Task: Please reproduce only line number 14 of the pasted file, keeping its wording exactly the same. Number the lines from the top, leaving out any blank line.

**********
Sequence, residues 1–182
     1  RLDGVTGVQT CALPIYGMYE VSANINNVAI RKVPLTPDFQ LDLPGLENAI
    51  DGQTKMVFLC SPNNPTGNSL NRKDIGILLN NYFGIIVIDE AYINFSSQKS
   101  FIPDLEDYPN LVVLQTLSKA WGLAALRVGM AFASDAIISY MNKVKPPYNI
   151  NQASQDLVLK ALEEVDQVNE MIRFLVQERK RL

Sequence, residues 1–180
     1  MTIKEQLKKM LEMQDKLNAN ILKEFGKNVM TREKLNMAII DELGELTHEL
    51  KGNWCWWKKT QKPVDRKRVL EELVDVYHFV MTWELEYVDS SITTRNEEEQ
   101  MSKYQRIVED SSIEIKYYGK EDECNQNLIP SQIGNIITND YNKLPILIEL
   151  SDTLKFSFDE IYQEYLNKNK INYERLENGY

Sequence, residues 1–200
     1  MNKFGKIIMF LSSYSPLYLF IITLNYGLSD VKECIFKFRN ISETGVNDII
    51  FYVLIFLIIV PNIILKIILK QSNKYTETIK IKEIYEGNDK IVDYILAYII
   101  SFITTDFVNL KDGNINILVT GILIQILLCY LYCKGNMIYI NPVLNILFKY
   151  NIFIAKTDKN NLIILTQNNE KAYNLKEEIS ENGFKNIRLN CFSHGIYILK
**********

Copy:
   101  SFITTDFVNL KDGNINILVT GILIQILLCY LYCKGNMIYI NPVLNILFKY